- Many of the services within the Tampa data center have already migrated to EQIAD, however there remain several smaller, unique, or in some cases orphaned services that we still need to document or scope prior to the closure of this center. Several of these services may no longer be required, and we expect there to be some discussion about how they are migrated or maintained going forward. Additionally, several of these systems need to be moved to the new secondary data center (see below), and will be waiting until infrastructure is in place to do so. Our goal is to try to have these systems moved before the end of 2013, but we’ll continue to have equipment in this location for as long as necessary to ensure stability of our network.
- For EQIAD, the ordering process is underway to complete our fourth row of machines, and ensure we have capacity to take in systems that will be arriving from the sunsetting of the Tampa data center, as well as handle our expected growth.
- For ULSFO, after a long initial setup, initial bootstrapping and configuration of the systems is finally underway. Over the next several weeks, we will be configuring, testing, and redirecting traffic at this location.
- Lastly, work has begun on a definition and RFP process for a new, secondary data center, likely on the west coast of the US. We will send further updates on this project once our RFPs are complete and we begin the selection process. Our hope is to have this facility ready to take systems from Tampa by the end of 2013.
- The GSoC incremental dumps project has drawn to a close, but User:Svick will still be around. There’s work to be done before this can go into production, as well as extensive testing and code review from folks with C++ expertise. If you want to help, check the repository.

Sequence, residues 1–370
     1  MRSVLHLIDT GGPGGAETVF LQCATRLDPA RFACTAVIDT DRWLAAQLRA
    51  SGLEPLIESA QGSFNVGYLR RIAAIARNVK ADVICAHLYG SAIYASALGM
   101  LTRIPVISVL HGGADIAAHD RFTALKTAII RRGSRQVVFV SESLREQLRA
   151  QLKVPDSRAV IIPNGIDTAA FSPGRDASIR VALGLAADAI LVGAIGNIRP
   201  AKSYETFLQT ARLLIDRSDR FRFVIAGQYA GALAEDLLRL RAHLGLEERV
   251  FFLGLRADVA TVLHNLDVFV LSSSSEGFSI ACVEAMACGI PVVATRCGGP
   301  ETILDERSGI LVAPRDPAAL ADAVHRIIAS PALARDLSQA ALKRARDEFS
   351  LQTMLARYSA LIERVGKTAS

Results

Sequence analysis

- The DNS infrastructure of the Labs has been overhauled and much improved. The hardware switch to replace Labs’ NFS server unreliable hardware is ready, and should be enabled this week. Yuvaraj Pandian has created and deployed a new instance proxy with an OpenStack-style API. The new proxy is in use for a small number of instances right now, but will be expanded to most instances in the future. The new proxy uses nginx with Lua code to read its configuration of virtual hosts from redis and can handle arbitrary URLs to arbitrary back-ends.
Editor retention: Editing tools
Along with the renaming, the team held its third Quarterly Review (minutes are available), published its 2013–2014 product goals, and shared a new job opening for two additional software engineers.
In accordance with our 2013-14 goals, the Growth team began research into modeling newcomer retention on Wikipedia, anonymous editor acquisition, and article creation improvement.
Security auditing and response
Engineering community team
Wrap-up reports from the projects:
Volunteer coordination and outreach